If I have my new pair of Levis at $39 and a month later the store has a 2:1 sale on jeans – do I run home and return the Levis I bought for $39 a month ago for $19.50?   Would that be rational?  Did the jeans change?  Did they become defective?  If the fundamentals of my jeans haven’t changed and I intend to get use out of them, then how does a short-term change in price affect my closet?  More sensibly, I may simply go back to the store and buy 2 more pair for $39 – then I have 3 pair for $78 or $26 each, not too far from the $19.50 sale price and much lower than the usual $29 price and I can expect to get many years of good use out of them but I’m also "full" from a jeans perspective and it would be silly to buy more so I’m not even going to be looking in a jeans store again for a while – perhaps it’s time to check out some Clarks?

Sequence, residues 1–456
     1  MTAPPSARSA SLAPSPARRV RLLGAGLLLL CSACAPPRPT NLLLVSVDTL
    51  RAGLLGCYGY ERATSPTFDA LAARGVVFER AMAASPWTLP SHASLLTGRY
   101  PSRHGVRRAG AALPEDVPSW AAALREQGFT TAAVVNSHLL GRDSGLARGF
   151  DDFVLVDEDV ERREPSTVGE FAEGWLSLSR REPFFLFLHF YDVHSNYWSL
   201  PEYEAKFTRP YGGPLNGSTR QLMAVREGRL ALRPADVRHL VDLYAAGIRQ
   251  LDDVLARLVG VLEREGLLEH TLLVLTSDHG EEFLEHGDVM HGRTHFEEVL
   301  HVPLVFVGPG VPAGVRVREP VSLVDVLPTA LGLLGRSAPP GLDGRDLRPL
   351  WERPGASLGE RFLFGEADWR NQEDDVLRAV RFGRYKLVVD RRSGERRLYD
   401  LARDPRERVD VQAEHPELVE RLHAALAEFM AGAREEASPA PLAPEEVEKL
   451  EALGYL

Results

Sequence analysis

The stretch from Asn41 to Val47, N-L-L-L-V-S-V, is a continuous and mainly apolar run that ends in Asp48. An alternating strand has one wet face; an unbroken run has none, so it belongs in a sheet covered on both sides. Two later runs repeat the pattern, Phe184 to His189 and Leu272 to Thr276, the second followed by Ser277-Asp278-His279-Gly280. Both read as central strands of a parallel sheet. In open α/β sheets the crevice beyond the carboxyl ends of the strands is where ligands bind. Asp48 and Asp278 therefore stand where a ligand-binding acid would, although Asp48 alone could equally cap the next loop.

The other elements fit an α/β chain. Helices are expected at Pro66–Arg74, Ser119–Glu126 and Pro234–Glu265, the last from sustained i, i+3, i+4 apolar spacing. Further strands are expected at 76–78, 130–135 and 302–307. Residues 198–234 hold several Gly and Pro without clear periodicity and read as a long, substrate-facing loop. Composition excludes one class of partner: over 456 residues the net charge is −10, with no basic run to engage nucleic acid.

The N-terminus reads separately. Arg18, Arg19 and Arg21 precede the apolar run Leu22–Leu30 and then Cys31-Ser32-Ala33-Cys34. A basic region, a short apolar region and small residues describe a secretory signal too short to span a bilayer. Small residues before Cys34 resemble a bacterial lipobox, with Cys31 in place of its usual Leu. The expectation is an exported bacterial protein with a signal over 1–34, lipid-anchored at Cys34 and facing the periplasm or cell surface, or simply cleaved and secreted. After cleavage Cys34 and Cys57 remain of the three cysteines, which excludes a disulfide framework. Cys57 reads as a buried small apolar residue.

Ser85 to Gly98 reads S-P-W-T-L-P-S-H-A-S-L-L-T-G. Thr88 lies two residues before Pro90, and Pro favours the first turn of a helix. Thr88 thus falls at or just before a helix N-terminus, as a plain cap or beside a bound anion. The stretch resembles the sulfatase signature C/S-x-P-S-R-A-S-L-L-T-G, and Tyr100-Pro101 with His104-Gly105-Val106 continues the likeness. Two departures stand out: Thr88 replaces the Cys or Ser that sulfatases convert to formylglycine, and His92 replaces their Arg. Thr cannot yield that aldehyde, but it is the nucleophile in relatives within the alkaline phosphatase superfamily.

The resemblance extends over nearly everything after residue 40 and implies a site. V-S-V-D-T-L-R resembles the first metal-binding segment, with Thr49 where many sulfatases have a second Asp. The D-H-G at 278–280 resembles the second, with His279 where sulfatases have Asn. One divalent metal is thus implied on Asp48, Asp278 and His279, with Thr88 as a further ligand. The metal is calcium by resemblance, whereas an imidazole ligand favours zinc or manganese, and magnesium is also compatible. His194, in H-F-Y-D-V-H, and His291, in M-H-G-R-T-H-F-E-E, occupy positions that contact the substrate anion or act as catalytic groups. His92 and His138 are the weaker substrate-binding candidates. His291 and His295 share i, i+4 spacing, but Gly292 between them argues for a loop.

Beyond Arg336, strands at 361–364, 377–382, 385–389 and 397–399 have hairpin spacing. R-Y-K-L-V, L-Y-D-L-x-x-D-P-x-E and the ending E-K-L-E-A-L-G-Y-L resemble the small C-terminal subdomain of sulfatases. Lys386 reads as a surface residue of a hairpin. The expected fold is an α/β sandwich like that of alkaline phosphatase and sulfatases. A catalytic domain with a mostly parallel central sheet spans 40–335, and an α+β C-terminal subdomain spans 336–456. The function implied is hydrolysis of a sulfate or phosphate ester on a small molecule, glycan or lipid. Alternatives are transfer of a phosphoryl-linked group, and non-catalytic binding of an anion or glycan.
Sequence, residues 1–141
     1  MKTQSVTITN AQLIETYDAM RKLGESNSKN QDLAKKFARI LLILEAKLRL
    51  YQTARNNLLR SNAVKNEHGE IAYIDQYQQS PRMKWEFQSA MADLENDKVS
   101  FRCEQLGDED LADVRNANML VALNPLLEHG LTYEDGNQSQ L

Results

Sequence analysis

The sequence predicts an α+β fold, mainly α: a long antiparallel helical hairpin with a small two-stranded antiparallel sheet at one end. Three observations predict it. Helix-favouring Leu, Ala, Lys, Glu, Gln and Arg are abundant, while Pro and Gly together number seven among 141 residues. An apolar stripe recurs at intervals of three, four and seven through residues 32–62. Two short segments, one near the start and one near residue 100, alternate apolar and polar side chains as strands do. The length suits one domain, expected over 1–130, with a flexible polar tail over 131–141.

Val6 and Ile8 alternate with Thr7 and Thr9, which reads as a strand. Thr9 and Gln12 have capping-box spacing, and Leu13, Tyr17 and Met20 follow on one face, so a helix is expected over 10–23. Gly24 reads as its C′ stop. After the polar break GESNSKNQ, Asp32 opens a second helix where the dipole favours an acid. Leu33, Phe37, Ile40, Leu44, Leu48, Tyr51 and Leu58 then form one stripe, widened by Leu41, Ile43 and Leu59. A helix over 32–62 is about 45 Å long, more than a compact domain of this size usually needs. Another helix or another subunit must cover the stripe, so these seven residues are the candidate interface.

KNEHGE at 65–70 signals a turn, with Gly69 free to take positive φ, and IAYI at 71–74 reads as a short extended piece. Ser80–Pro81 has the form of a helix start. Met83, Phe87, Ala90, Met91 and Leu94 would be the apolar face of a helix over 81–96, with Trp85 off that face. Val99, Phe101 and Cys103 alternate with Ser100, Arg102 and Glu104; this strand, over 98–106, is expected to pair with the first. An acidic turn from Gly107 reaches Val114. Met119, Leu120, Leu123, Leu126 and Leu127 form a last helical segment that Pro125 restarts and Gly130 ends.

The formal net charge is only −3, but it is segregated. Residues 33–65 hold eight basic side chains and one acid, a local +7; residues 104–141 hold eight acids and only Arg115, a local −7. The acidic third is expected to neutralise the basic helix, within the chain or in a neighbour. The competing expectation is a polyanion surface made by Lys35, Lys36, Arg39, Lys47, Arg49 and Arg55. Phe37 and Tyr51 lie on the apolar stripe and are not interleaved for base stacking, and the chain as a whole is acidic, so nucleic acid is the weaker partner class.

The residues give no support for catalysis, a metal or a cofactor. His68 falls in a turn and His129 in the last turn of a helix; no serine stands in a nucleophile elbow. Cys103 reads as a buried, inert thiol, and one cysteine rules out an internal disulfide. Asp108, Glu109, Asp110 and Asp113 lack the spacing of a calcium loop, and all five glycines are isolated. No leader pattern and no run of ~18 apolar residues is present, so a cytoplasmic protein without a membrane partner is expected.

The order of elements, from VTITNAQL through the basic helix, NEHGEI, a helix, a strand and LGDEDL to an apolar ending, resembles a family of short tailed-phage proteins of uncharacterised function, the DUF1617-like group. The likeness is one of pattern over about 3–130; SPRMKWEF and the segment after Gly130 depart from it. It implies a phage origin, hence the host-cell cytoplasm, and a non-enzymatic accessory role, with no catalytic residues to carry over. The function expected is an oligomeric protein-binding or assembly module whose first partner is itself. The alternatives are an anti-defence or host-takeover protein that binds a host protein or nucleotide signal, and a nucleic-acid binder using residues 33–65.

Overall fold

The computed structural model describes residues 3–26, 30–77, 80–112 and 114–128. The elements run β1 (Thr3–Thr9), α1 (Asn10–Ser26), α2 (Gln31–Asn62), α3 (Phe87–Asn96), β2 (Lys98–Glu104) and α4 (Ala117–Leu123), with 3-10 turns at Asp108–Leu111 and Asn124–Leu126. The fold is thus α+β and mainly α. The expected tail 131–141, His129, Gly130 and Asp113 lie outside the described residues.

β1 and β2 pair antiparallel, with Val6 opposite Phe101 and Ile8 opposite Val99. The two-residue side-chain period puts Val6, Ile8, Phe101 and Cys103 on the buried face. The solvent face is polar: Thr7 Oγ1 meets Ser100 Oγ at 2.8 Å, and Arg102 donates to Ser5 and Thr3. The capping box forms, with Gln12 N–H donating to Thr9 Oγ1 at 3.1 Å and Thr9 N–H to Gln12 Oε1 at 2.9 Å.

Read the Strategy Section, including the linked article on Salvaging Plays and Scaling In - especially the commentary below, which gets updated from time to time.  Portfolios are built over time.  If you have 100 stocks that you watch, in any given month one or two will go on sale.  If you then drill down on the ones on sale and recheck your buying premise and decide the fundamentals are still sound, you can then initiate a small position and give yourself an additional 20% discount using the buy/writes. 

    Let’s say my stock is CHK and they ranged from $15 to $30 last year but I think they are worth at least $20.  I put them on my watch list HOPING they fall to $20.  So the only time I’m going to buy them is when nobody else wants them, right?  When they go to $20 (last week) I say "why did they go to $20?"  I can see nat gas at lows that I don’t think will last and I don’t see any detrimental changes in their operations.  This is the same company that traded in the $30s and $40s a couple of years ago so, as a LONG-TERM investor, I figure there’s an excellent chance that, at some point in the next 10 years, natural gas will be back around $10 and CHK will hit $40 again.